Honors Program Marks 50 Years

Three generations of Moravian Honors: Ben Sofka '10 discusses the results of his project on granular materials with physics professors Kelly Krieble (his advisor) and Joe Powlette. Photo by John Kish IV.

"No one knew what to make of it" that first year, recalls Joe Powlette, professor of physics  and one of seven Moravian graduates to earn the College's first Honors designation in 1960. Launched in 1959-60 by a committee chaired by classics professor George Tyler, the Moravian Honors Program sought to challenge advanced students and help prepare them for graduate school.

"My advisor, physics professor Jack Ridge, asked if I wanted to participate. I went to the library stacks and read something about thermoelectricity by Abram Ioffe, the Russian physicist, and really liked it." Intrigued by the idea of studying thermocouples, Joe Powlette began experimenting in Memorial Hall's small physics lab (pre-Collier Hall of Science). But the results were not what he'd expected. "I was ready to stop, but Jack Ridge told me, 'no, keep working on it.'"

One evening, as the two sat at a table in Ridge’s home—puzzling over the problem with pencil and paper—Professor Ridge worked out an equation that explained the phenomenon. "Jack was so brilliant in thermodynamics, he was able to figure it out," recalls Professor Powlette. "He was a tremendous teacher and a talented theoretician. ... I came to teach at Moravian, basically, because of him."

"I was ready to stop, but Jack Ridge told me, 'no, keep working on it,'" recalls Professor Powlette.

As a professor of physics, Joe Powlette went on to advise thirteen Honors students of his own, including Kelly Krieble '86, who also returned to Moravian to teach physics and advise the next generation of Honors grads. Two current Honors candidates, Matthew R. Bross '10 ("Surface Profile Visualization of the Radial Hydraulic Jump") and Benjamin J. Sofka '10 ("A Study of Vibrated Granular Materials"), are advised by Professor Krieble, who now serves as chair of the Department of Physics and Earth Science.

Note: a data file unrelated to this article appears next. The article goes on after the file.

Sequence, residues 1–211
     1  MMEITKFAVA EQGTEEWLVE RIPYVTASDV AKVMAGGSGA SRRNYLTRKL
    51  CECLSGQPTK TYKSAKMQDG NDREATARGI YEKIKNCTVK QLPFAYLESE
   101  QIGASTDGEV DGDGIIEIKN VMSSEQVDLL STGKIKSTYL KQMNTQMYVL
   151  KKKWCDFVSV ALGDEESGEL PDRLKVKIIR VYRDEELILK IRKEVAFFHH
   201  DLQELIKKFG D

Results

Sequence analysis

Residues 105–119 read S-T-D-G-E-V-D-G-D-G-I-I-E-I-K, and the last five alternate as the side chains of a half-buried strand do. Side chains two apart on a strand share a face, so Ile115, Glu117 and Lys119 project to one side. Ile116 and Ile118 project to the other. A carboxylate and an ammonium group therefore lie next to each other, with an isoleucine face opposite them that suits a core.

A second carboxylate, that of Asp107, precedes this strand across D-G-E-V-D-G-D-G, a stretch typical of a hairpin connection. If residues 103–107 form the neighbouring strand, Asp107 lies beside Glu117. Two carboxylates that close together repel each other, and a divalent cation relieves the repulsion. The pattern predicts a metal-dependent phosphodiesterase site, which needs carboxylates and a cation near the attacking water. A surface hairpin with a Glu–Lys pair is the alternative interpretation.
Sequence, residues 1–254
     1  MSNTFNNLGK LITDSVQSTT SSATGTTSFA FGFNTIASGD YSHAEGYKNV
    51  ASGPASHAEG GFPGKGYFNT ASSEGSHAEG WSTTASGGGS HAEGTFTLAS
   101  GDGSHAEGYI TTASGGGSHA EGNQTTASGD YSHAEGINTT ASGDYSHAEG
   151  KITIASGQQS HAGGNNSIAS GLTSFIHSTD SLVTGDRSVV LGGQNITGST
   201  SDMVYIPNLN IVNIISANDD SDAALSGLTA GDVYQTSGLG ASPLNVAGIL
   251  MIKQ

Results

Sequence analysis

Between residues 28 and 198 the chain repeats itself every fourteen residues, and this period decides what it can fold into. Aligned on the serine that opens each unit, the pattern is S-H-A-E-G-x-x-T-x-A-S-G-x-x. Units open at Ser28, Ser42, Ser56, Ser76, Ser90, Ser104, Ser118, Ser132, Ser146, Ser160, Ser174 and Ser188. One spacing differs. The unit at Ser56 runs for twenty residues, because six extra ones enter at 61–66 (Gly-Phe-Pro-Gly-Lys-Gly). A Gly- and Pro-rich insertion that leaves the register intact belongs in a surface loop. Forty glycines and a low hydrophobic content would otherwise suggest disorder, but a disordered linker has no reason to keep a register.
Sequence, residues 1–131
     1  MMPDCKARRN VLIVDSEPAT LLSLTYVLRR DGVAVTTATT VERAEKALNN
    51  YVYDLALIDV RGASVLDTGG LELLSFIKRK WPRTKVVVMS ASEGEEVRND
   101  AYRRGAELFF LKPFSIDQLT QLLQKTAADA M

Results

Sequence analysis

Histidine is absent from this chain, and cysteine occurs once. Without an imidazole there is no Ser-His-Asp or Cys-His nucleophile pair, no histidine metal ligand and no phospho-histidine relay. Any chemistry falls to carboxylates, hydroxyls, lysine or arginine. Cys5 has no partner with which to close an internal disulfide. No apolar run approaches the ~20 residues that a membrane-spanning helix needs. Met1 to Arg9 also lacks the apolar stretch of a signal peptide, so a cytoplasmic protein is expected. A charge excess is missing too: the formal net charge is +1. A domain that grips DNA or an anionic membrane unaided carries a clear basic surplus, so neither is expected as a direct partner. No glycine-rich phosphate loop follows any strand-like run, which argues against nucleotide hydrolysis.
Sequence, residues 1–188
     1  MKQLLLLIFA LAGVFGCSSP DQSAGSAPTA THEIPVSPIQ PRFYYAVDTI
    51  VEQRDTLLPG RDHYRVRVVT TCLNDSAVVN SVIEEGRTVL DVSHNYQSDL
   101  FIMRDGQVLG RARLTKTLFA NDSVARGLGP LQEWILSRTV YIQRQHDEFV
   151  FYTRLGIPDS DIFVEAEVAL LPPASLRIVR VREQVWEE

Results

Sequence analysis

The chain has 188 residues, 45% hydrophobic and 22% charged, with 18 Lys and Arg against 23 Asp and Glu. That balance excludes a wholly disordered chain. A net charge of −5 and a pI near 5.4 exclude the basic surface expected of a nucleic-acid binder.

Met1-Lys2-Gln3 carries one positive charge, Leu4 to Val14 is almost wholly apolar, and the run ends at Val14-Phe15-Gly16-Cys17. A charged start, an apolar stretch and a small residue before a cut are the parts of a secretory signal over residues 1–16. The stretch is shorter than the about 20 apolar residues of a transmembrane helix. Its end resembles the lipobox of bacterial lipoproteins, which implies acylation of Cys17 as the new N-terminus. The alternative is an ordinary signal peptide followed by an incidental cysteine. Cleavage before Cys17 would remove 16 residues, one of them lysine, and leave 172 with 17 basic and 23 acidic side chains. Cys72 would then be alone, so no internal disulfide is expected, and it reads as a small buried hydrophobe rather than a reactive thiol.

Honors candidates presented posters in the HUB on Feb. 25. Top: Jessica Andersen '10, "Be this, not that: The Battle for Frenchness" (French). Above: Patrick C. Rosendale '10, "The Irish Brigade: a look at the concept of Irishness during the American Civil War" (history). Posters were created by Moravian College art students. Photos: Ed Flaherty '12.

Enabling the Best Work
That kind of close personal relationship between faculty members and their advisees characterizes the Moravian Honors Program, says Martha Reid, professor of English and chair of the program. 

"Students work independently, but the faculty member gives them the guidance, challenge, and hands-on relating that a bigger university cannot provide. We identify and deal with any problems while there is still time to make a difference. We enable the students to do their best work—and most of them do. It's so exciting when that happens."

Eighteen seniors are participating in the Honors program this year, and many of them presented posters of their projects in the Paty Eiffe Gallery of the HUB on Thursday. (Click here for 2009-10 Honors candidates.)

"The Honors program already has benefited me in many ways," says Leslie Pope '10, a marketing major who hopes to enter graduate school this fall. "Regardless of what I do after graduation, the experience—conducting research, putting together a presentation, meeting deadlines, learning to communicate effectively—will give me a competitive advantage over my peers."  Pope is advised by Gary Kaskowitz, associate professor of economics and business.

Celebration Planned for April 10
On April 10, Honors program alumni will return to Moravian College to celebrate the fiftieth anniversary of the program. Judith Share Yaphe '66, distinguished research fellow at the Institute for National Strategic Studies and Honors graduate in history, will present the keynote address. After completing her Honors project, "The Politics of Vacillation: American Policy toward Palestine" advised by Dan Gilbert, professor emeritus of history, Dr. Yaphe obtained her Ph.D. in in Middle East history from the University of Illinois, then became one of the CIA's top political analysts.

A dinner in Peter Hall will be followed by a wind ensemble performance in Foy Hall. Honors alumni who would like more information about the event may contact Sylvia Doyle, director of corporate and donor relations, at 610 861-1371 or email mesmd01@moravian.edu.